- 7 years ago
- Wedding: August 2011
SO long, so I’m just going to c/p the post I wrote for my blog about this earlier. To all you upcoming brides, I hope you love your wedding day as much as I loved mine!
“Welcome to the magic show…
…where we turned a [maiden name] into a [married name] right before your very eyes.”
This was the beginning of my dad’s welcome speech at our wedding reception on August 20th, and it is just after this sentence that he began to cry, and then I began to cry (this following our best man’s speech which ALSO made me cry) and nobody could hold it in. My dad had carefully thought of what he was going to say on this day, the first time he was ever a Father of the Bride, but he could not make it through his speech when it came to give it. He got choked up, laughed at himself getting choked up, and then could not get unchoked. He told everyone he couldn’t give his speech, and I went to hug him and he quite literally sobbed into my shoulder when he told me he loved me.
In the two days leading up to the wedding, there was so much stress! There were a million errands to be run, and no matter how organized and prepared you are, there are just some things that cannot be handled until the days immediately preceding the wedding itself. I deftly handled a few snafus, but lost it 30 minutes before our wedding rehearsal on Friday following a culmination of uh-ohs that I had completely perpetrated upon my own self. I got a manicure, then ruined the left thumb’s polish as soon as I got in the car. I was running late. I threw my rehearsal dress into a bag that also had a bottle of anti-frizz serum for my hair, and anti-frizz serum got on my dress and left what looked like grease spots. My maid of honor dabbed them with a Tide To-Go pen and they came right out minutes later, but before I’d seen that they’d come out, I pulled my heels out of my bag only to find that I’d correctly packed one gold heel, and one flat sandal. And then I lost my mind!
In those minutes, crying in the bathroom 30 minutes before my rehearsal, hating my self for making such dumb mistakes, worried I’d look like an idiot at my own wedding rehearsal and dinner with grease spots on my dress and mismatched shoes, I wondered why I’d ever thought planning a wedding would be a good idea. Why would I have willingly signed myself up for this stress when I could have just as easily gone to a courthouse and had it taken care of in five minutes? I could have saved myself and our friends and family so much trouble had I not insisted on throwing a wedding.
I eventually straightened up, rehearsed my wedding ceremony, and at my rehearsal dinner, ate the delicious low country boil my mother in law had spent the day cooking. It poured rain and we had to evacuate the tents and cram ourselves in my sister in law’s house to eat our dinner, but I didn’t mind in the least. At this point, with my pre-rehearsal meltdown behind me, I knew the worst of my stress was over and from here on out, it was smooth sailing.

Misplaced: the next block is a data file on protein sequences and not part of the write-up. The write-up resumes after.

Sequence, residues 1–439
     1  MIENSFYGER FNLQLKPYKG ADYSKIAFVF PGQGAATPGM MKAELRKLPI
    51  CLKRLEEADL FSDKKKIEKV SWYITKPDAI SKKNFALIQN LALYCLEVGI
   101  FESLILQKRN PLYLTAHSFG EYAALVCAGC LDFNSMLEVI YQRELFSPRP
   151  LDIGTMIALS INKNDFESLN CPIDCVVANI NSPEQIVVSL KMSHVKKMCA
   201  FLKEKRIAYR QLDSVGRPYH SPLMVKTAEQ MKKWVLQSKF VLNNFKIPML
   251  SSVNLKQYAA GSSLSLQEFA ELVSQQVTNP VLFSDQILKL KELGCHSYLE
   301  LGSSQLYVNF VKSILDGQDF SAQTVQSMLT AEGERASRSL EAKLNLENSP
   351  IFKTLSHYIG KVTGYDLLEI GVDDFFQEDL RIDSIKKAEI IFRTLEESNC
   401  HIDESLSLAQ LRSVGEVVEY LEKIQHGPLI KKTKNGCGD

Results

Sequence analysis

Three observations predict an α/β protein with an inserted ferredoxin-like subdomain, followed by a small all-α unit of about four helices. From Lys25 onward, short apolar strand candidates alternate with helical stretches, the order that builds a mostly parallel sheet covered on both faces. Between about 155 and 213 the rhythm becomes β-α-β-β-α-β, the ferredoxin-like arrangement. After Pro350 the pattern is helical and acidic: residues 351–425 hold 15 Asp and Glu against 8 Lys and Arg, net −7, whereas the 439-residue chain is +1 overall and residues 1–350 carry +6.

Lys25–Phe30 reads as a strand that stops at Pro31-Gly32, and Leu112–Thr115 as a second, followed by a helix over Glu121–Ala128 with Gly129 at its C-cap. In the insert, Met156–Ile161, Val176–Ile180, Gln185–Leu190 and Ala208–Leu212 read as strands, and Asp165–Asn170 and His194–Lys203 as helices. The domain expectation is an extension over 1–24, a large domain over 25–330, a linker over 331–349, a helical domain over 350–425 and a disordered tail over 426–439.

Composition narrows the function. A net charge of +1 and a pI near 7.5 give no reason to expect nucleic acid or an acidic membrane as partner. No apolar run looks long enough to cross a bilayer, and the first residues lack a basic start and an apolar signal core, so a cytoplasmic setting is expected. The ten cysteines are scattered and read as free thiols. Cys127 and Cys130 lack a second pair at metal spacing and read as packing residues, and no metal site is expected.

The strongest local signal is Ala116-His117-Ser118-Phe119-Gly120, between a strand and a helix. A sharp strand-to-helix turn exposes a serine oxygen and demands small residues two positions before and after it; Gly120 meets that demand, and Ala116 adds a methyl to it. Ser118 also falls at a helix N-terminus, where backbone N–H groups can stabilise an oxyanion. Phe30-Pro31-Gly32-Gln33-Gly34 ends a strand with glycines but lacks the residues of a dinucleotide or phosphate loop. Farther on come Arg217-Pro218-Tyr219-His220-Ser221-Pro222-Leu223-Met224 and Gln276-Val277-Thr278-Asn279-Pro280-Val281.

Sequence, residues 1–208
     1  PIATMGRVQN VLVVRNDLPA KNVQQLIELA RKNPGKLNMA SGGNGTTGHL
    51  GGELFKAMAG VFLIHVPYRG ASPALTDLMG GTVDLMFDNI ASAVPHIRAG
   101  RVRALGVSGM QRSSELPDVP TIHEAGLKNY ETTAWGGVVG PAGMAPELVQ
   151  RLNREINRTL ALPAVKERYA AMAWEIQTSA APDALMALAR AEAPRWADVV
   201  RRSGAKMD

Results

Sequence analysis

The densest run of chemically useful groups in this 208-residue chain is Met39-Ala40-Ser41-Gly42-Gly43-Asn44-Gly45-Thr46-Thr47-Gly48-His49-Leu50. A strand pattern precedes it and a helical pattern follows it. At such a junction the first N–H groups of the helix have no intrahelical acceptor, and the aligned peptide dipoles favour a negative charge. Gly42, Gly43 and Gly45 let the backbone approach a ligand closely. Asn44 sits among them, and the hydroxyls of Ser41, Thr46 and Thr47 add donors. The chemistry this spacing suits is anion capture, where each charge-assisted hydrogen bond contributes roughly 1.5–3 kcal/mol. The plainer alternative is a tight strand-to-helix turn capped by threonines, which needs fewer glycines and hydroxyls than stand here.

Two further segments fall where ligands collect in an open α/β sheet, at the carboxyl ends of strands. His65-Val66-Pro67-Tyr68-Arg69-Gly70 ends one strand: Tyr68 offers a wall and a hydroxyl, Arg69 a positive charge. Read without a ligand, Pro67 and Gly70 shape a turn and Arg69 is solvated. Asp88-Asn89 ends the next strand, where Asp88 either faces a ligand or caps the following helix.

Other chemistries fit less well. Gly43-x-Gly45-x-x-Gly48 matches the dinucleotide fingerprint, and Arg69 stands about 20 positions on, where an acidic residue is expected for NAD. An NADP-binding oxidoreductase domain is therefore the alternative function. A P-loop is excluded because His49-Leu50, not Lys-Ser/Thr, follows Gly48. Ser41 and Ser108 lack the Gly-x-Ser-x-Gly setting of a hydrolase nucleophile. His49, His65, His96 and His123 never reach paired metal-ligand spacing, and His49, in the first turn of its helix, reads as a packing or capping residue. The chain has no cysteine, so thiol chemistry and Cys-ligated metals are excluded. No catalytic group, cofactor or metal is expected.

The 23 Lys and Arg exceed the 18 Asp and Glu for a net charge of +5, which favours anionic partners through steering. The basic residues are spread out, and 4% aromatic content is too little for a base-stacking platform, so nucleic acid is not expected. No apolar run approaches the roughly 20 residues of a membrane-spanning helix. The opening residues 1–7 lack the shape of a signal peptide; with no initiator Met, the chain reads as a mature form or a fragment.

The next day, the wedding day, was immeasurably better. The hard work was done, and all that was left was to get married and have a party. (Though, as my dad correctly told me later when I said this to him, the hard work was not done. “The hard work is just starting,” he said. “Getting married is hard. Being married is harder. Staying married is hardest of all.”)
On my wedding day, I went to Target for fake eyelashes and quickly swiped a close-enough shade of Essie polish over my smudged thumbnail, and that solved that problem. I got my hair done with four of my closest friends and my mom and my sister and the hairstylists brought us mimosas to drink and my mom picked up my favorite chicken fingers and spuds from Spanky’s in Savannah to munch on while we all waited for everyone’s hair to be finished. And as much as I loved my dress (and I did), I think I loved my veil even more. Because when else in your life do you get to spend your day in a long ivory veil? I practically swooned when it was pinned in my hair.
After the um, lackluster, experience at MAC, I enlisted my friend and fellow Scrumpet Emily to do my makeup the day of. She intuitively knew what I would like, and what I’d be comfortable with, and she made me look amazing. And one of the best parts of my wedding day was getting my makeup done in my hotel room with my bridesmaids and friends as everyone got ready and drank champagne and listened to Culture Club on the 80s Music Choice channel we’d put the TV on.
The traditional mother-of-the-bride task of putting on fake eyelashes.
When our (wonderful, amazing, ten billion superlatives) photographer, Julie, showed up, it was time to get in the dress. And the zipper promptly split when my mom and bridesmaids zipped it up. Luckily, my maid of honor and best friend is handy dandy with a needle and thread and it took 30 minutes or so, but she sewed that zipper up and secured me nice and tight in my dress and you’d never have known the difference. I drank champagne and chatted while she was doing this, which is kind of amazing seeing as the day before I had had a meltdown the likes of Fukushima 1 over some hair product getting on my dress.
And finally, around 4:00 pm, I was a bride.
As we rode over to the chapel in our Town Car, the limo driver told me I didn’t seem like a nervous bride.
“What do the nervous brides do?” I asked him.
“Cry,” he answered.